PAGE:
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Journal of Diabetes Research
Volume 2017 (2017), Article ID 7680576, 9 pages
Review Article

Serotonin and Its Receptor as a New Antioxidant Therapeutic Target for Diabetic Kidney Disease

1Department of Endocrinology, Metabolism, and Genetics, Jiangxi Provincial Children’s Hospital, Nanchang, Jiangxi, China
2Pediatric Research Institute, Department of Pediatrics, University of Louisville, Louisville, KY, USA
3Department of Cardiovascular Disorders, The First Hospital of Jilin University, Changchun, China
4Department of Cardiovascular Disorders, Jiangxi Provincial Children’s Hospital, Nanchang, Jiangxi, China

Correspondence should be addressed to Yu Yang; moc.liamg@yexjhhyy

Received 2 May 2017; Accepted 13 July 2017; Published 8 August 2017

Academic Editor: Robertina Giacconi

Copyright © 2017 Yu Yang et al. This is an open access article distributed under the Creative Commons Attribution License, which permits unrestricted use, distribution, and reproduction in any medium, provided the original work is properly cited.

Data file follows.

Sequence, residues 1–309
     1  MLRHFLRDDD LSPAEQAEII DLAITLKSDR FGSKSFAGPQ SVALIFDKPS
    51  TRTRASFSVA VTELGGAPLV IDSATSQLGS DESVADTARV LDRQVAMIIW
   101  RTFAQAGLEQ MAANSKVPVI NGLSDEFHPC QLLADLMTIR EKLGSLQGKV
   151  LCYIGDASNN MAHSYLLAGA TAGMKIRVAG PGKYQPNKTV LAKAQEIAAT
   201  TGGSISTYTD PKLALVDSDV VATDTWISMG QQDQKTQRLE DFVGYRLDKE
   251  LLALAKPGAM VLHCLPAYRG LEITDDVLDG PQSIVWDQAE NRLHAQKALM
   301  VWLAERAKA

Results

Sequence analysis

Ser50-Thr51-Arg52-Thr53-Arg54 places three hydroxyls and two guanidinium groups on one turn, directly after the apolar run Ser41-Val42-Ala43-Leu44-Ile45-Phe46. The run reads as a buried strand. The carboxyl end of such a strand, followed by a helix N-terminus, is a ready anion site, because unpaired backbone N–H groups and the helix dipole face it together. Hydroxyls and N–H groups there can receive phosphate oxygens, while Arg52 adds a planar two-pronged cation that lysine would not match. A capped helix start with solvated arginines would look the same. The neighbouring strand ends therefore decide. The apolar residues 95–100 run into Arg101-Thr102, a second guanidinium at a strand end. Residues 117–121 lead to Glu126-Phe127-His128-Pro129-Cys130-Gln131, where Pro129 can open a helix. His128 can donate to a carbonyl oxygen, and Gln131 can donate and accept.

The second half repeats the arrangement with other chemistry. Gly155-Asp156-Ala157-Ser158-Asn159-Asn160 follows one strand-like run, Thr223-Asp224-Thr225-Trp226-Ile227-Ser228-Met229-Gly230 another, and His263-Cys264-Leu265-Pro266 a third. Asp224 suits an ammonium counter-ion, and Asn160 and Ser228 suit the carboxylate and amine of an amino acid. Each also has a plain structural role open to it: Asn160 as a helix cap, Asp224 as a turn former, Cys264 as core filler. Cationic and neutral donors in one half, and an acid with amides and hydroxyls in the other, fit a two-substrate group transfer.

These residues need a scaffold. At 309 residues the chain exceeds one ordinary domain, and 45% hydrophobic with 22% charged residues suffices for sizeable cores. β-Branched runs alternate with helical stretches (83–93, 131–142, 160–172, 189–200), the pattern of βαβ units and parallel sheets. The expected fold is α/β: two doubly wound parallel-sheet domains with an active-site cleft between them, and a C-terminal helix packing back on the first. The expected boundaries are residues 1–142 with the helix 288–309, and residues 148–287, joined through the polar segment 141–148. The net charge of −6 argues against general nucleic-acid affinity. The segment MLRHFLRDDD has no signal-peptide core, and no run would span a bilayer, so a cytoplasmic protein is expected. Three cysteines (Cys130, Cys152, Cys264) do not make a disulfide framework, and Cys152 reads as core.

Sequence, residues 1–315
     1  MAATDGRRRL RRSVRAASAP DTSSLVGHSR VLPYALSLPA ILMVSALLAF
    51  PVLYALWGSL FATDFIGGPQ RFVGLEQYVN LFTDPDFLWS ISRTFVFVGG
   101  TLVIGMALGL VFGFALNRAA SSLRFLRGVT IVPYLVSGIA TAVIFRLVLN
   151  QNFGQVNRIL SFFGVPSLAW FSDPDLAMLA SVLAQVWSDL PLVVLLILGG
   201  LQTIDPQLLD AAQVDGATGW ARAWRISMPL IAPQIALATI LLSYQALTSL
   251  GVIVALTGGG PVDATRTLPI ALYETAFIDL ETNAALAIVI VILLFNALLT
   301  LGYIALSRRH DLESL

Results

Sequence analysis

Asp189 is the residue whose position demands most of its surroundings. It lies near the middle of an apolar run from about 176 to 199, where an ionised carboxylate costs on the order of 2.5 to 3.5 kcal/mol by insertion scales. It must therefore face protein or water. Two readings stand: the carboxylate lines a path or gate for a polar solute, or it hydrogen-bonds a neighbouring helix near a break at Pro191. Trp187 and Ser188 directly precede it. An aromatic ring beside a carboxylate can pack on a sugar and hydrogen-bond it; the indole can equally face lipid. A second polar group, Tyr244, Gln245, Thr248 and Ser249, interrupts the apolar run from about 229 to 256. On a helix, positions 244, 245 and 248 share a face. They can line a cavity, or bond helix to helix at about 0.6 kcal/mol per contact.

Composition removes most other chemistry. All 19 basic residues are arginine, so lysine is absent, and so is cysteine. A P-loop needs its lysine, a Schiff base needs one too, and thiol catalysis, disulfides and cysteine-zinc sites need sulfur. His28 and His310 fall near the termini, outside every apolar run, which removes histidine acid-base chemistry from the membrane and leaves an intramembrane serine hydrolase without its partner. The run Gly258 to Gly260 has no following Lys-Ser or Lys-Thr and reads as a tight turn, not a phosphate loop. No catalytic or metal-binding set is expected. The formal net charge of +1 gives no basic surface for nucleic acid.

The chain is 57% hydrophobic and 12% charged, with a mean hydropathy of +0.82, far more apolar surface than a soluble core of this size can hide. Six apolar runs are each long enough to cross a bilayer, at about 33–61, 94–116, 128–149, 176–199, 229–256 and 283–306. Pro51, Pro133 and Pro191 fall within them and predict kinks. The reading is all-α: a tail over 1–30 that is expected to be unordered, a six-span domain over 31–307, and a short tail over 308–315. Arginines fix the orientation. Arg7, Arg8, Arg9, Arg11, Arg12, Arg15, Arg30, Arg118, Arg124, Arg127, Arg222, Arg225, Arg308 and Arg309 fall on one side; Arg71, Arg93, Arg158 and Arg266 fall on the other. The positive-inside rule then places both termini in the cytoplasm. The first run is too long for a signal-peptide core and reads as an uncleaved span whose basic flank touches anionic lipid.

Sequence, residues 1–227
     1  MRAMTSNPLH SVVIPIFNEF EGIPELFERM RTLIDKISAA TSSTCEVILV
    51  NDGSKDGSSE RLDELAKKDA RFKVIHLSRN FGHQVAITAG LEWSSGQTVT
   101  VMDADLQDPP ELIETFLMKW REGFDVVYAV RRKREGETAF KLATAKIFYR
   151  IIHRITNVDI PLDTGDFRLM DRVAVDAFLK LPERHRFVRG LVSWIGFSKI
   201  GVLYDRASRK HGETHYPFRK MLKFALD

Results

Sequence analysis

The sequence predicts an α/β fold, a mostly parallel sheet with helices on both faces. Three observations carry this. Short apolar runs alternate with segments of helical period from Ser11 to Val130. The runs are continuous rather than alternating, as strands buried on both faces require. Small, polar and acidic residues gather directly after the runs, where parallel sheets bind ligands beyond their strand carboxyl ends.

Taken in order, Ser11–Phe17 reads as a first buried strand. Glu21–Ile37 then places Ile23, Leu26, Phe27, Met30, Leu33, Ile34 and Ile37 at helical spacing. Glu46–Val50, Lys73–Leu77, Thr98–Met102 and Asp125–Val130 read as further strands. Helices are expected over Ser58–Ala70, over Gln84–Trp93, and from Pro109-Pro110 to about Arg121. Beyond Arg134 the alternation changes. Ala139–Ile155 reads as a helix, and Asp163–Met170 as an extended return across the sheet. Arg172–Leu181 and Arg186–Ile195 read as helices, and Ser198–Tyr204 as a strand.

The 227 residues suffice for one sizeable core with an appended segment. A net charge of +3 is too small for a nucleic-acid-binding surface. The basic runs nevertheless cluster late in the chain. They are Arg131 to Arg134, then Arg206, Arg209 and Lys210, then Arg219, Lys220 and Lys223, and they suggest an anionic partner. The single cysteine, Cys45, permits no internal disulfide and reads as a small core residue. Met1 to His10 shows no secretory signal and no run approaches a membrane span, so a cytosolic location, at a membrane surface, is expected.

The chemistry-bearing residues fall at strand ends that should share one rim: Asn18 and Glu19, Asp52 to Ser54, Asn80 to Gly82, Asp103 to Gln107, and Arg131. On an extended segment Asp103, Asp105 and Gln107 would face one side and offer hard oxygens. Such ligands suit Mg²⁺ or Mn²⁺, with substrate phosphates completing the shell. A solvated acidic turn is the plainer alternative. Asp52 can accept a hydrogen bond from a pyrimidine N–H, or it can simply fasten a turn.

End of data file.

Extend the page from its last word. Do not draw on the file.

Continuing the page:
Diabetic kidney disease (DKD) is a widespread chronic microvascular complication of diabetes mellitus (DM), affects almost 30–50% of patients, and represents a leading cause of death of DM. Serotonin or 5-hydroxytryptamine (5-HT) is a multifunctional bioamine that has crucial roles in many physiological pathways. Recently, emerging evidence from experimental and clinical studies has demonstrated that 5-HT is involved in the pathogenesis of diabetic vascular complications. The 5-HT receptor (5-HTR) antagonists exert renoprotective effects by suppressing oxidative stress, suggesting that 5-HTR can be used as a potential target for treating DKD. In this review, therefore, we summarize the published information available for the involvement of 5-HT and 5-HTR antagonists in the pathogenesis of various diabetic complications with a particular focus of DKD. We conclude that 5-HTR is a potential therapeutic target for treating DKD, as it has been successfully applied in animal models and has currently being investigated in randomized and controlled clinical trials.